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A patient receives treatment at a hospital in Indonesia

Covid-19 patients get treatment in an emergency tent on July 18, 2021 in Bekasi, Indonesia. (Photo: Oscar Siagian/Getty Images)

'A Race Against Time': Doctors Without Borders Implores Rich Nations to Stop Stalling Patent Waiver

"As the virus continues to claim millions of lives around the world, we cannot afford to lose more precious time."

Jake Johnson

Ahead of a crucial World Trade Organization meeting on Tuesday, the global humanitarian organization Doctors Without Borders said it is imperative that rich countries stop stonewalling negotiations over a temporary patent waiver for coronavirus vaccines as the ultra-contagious Delta variant ravages poor and under-protected regions.

"Pharmaceutical corporations' business-as-usual approach is intolerable."
—Dr. Tom Ellman, Doctors Without Borders

"It is outrageous to see countries blocking the TRIPS waiver that is desperately needed as an important tool to remove legal barriers and allow production to be scaled up by multiple manufacturers for critical Covid-19 drugs, diagnostics, and vaccines," Dr. Tom Ellman, director of Doctors Without Borders' Southern Africa Medical Unit, said in a statement Monday, referring to the WTO Agreement on Trade-Related Aspects of Intellectual Property Rights.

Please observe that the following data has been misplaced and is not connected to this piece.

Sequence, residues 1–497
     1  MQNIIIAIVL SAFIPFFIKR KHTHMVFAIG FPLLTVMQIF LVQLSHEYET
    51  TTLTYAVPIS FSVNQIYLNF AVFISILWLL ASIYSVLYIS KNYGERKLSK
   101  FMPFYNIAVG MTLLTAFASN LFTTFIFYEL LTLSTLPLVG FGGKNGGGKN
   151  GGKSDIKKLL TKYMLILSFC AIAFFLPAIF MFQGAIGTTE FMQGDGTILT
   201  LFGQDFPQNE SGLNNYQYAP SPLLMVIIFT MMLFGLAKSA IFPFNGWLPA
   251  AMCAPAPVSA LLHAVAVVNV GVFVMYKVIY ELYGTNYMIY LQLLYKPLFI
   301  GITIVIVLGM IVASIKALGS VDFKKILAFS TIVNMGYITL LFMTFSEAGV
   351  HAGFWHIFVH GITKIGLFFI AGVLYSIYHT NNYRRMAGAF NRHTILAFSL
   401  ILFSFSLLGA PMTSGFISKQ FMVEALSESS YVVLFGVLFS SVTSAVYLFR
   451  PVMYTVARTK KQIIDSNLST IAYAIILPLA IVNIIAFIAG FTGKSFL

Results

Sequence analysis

"As many countries in Africa right now are reporting a high number of deaths due to the spread of new and existing variants of Covid-19," said Ellman, "these governments are in dire need of vaccines, diagnostics, oxygen, and other treatments to help save lives of critically ill patients."

The statement came as the WTO General Council, the organization's highest-level body, prepared to convene this week for its final meeting before breaking for the European summer holiday. As Bloomberg reported Monday, "Next week World Trade Organization delegates are planning to depart Geneva for their August break and, in doing so, pause their fractious debate over a proposal to waive intellectual-property protections for Covid-19 shots until the second week of September."

"Before they leave," Bloomberg noted, "members will adopt a report that acknowledges they've made scant headway on the proposal."

First introduced by India and South Africa in October, the TRIPS waiver aims to boost global vaccine supply by temporarily lifting intellectual property protections that have barred manufacturers around the world from producing generic vaccines.

While backed by more than 100 WTO member nations, the proposed waiver has been mired in fruitless talks for months as powerful rich countries—including Germany, the United Kingdom, and Canada—remain opposed to suspending patents, leaving much of the developing world without access to life-saving shots.

According to the World Health Organization's vaccine equity database, just 1.32% of people in low-income countries have been vaccinated, compared to 50.15% of people in rich nations.